Will you be submitting any creations to Audiogame Jam 2?

No, I won’t be submitting any games.

Do you have anything more to add?

Audiogame Jam couldn’t have come together as it has without the help and support of so many people within RNIB, in the games industry, those with an interest in videogame accessibility and all those who worked to submit games. I can’t thank them enough.

On that note, I’d like to thank  James for answering my questions,, I could have asked so many more, maybe we’ll do a follow up post after Audiogame Jam 2 were I can once again satisfy my curiosity.

I for one look forward to Audiogame Jam 2 and the gems that it will spawn. If you’re interested in finding out more, or better yet submitting your creations once the Audiogame Jam 2 starts on October 6th 2017, feel free to click on any of the previous links in this post or just click here to go to it’s Game Jolt page.

If you want to support Audiogame Jam’s efforts, you can do so by heading on over to their Just Giving page and make a donation, the proceeds of which will go to RNIB.

As always, if you have any question or anything to add, please feel free to leave a comment below. Please feel free to follow on Twitter and Facebook. I’d also appreciate you sharing this post to help get the word out about Audiogame Jam 2.

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Why December IS My Favorite Time Of The Year!

Why December IS My Favorite Time Of The Year!

Happy New Year everyone! I hope you’ve all had a happy festive period. I know I did. Unlike a  lot of bloggers, I’m not going to do a 2016 retrospective, that would have required a lot of planning and forethought on my part and anyone who knows me, well they know that’s not me.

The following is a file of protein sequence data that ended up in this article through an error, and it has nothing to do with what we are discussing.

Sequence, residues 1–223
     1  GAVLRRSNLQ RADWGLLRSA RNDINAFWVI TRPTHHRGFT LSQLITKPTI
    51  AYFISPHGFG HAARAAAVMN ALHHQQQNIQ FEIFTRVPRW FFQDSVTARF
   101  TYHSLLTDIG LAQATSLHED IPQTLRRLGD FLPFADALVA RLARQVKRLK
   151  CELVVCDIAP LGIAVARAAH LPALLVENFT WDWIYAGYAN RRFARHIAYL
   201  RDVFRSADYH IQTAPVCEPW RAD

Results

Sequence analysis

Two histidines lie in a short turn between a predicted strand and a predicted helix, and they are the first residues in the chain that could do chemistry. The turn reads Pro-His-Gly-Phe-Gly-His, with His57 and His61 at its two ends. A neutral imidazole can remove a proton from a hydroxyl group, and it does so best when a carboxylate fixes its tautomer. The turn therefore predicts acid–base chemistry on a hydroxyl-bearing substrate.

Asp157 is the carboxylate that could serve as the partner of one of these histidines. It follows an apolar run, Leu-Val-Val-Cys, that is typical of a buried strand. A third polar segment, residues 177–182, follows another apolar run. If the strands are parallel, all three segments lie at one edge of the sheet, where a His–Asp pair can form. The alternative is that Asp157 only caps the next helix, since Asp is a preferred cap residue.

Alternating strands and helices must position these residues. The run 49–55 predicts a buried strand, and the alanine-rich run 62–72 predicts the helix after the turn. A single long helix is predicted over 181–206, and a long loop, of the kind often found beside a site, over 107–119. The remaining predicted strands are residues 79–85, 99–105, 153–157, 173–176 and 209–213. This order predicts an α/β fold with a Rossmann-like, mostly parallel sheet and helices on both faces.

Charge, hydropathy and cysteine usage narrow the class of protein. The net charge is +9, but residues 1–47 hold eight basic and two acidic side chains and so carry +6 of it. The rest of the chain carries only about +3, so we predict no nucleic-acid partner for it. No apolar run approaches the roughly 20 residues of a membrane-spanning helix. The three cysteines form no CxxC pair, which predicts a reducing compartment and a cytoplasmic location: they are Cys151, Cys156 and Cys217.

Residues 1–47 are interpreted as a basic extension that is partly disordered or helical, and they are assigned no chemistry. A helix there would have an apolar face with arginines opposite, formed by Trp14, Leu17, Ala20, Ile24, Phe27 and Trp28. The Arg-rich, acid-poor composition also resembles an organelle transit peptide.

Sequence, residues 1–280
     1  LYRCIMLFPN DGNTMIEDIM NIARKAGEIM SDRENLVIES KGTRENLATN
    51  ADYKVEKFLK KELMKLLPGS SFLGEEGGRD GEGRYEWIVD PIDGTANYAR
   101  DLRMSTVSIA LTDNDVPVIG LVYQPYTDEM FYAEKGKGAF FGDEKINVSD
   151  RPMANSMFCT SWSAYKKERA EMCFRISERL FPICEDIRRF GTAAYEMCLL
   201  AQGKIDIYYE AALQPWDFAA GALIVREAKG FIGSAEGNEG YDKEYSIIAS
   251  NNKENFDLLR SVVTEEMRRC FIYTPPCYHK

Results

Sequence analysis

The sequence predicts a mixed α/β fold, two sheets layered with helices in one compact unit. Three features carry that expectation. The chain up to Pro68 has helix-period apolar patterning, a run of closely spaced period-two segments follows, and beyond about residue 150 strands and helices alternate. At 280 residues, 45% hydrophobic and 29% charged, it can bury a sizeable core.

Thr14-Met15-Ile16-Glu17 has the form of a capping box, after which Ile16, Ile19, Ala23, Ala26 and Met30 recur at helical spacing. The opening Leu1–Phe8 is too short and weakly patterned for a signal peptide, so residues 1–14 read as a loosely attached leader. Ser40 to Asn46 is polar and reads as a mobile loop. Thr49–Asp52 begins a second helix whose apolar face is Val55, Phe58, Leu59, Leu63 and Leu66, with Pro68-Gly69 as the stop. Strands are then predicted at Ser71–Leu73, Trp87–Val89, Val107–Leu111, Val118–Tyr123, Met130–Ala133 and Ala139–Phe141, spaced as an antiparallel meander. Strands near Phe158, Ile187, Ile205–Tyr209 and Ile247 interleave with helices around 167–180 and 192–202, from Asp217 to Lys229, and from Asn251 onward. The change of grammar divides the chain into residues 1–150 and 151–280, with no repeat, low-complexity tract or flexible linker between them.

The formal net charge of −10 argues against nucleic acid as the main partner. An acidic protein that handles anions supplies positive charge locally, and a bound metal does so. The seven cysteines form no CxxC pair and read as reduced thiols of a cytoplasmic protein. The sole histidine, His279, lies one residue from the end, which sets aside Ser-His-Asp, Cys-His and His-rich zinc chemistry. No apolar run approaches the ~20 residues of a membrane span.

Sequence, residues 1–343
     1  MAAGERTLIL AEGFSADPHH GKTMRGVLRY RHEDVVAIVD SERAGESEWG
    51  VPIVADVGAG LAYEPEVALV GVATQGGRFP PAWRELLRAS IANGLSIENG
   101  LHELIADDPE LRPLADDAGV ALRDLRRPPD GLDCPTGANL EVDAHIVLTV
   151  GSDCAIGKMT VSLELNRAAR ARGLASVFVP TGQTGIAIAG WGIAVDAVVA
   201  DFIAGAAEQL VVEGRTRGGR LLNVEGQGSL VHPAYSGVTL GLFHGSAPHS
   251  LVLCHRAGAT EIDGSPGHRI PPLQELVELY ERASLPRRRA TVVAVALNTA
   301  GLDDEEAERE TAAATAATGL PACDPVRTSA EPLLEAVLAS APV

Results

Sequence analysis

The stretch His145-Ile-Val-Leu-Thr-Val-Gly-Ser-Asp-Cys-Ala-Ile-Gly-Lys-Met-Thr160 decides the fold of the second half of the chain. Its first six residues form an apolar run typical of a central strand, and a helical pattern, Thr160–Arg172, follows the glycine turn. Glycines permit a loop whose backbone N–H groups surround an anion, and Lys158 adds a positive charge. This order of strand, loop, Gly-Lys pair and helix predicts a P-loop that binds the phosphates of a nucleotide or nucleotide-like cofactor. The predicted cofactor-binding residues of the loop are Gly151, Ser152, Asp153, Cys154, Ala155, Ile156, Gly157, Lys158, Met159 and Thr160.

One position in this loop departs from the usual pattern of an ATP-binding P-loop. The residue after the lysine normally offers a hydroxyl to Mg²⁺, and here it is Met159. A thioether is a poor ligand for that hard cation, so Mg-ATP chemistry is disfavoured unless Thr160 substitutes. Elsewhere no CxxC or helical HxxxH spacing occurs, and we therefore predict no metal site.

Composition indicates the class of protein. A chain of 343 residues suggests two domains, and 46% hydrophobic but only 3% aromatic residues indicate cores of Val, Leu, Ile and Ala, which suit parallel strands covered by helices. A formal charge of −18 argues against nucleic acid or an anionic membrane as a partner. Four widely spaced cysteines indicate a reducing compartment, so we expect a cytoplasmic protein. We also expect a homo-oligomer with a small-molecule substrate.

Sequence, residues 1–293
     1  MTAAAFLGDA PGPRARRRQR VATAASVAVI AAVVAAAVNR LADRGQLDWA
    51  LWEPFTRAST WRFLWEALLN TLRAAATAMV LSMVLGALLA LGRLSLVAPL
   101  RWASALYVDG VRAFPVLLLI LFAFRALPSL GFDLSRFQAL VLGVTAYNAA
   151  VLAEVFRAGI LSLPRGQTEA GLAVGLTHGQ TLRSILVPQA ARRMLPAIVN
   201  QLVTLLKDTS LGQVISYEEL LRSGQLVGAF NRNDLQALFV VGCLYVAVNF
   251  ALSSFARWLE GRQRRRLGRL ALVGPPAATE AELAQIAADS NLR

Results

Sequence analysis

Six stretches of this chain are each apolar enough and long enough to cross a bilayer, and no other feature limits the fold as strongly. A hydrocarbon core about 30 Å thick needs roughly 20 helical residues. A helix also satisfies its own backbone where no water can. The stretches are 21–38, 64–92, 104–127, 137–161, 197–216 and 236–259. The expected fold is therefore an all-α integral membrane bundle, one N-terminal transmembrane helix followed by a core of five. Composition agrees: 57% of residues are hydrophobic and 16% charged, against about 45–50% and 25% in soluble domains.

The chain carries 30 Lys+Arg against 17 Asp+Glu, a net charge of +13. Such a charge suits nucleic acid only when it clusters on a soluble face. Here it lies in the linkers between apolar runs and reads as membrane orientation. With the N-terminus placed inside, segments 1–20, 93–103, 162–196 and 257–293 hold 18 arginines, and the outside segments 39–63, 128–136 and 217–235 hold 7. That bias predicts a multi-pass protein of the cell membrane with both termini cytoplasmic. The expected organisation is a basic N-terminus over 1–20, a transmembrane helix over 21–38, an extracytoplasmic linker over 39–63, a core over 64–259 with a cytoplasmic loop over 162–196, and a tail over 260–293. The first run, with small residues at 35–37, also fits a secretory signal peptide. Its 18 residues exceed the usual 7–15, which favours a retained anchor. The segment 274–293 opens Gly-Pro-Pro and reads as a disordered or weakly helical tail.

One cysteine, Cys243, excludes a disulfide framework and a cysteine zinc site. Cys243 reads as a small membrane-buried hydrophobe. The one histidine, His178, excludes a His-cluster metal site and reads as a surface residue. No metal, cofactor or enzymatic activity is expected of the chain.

Instead, as a gamer, I thought it fitting that my first blog post of 2017 should be all about the new games that the last month of 2016 left me with. I’m lucky in that December doesn’t only bring me Christmas, it also delivers to me my Birthday. For us gamers however, December has one more surprise up it’s sleeves, the Steam Winter Sale. So you can imagine, I do look forward to December.

Tabletop Treats

I’ll start with the board games that were left under the tree for me when I woke up, all bleary eyed on Christmas Day.

Seven Wonders Duel

This game was recommended to me some time ago on twitter. Then after reading reviews of the game on sites such as Meeple Like Us, I’d made up my mind, I had to have it. My wife saved me the money and the effort though. I had an inkling that I would find this game sitting here waiting for me, as my wife had let it slip some time ago. It didn’t diminish how excited I was to finally get the first member of my tabletop collection though (outside of the usual fair of Monopoly and such like).

Seven Wonders Duel Board Game

Pokemon Monopoly – Kanto Edition

Speaking of Monopoly. My mum, bless her heart, knows that my wife and I are both into gaming. Knowing this and my wife’s love for Pokemon Go, she thought that Monopoly, Pokemon Edition would look right at home among our other games, adorning our games shelf and she was right.

Pokemon Monopoly Board Game

Monopoly Game Of Thrones Edition

As Pokemon is more for my wife than me really, my mum also bought us Monopoly Game Of Thrones Edition. Let me tell you, she hit the nail on the head with this one too, thanks mum.

Monopoly Game Of Thrones Board Game

Winter Is Coming

Holding onto the money I received for my Birthday in anticipation of the Steam Winter Sale, I was rewarded for my patience when it began on the 22nd of December.  Below is a list of the games I picked up during the sale.

MiniMetro

I hate them, yes, I hate the person who introduced me to this game. It has soaked up so much of my time and as a serial procrastinator I don’t have that much time to spare. Anyway, it’s A beautifully simplistic game available on PC as well as mobile.

Being a PC gamer at heart though, I chose to wait for the winter sale to see if I could pick it up at a nice discount which would bring it closer to it’s mobile OS based equivalent.  OK, hate might be a bit strong, love might be a better word to describe how I feel, about the person who pointed me in the direction of MiniMetro.

Banished

If I was to describe this game, I’d say it was a cross between a mid evil RTS game and a city builder. I bought it based purely on how it looked and  I can’t wait to find the time to get stuck into this one.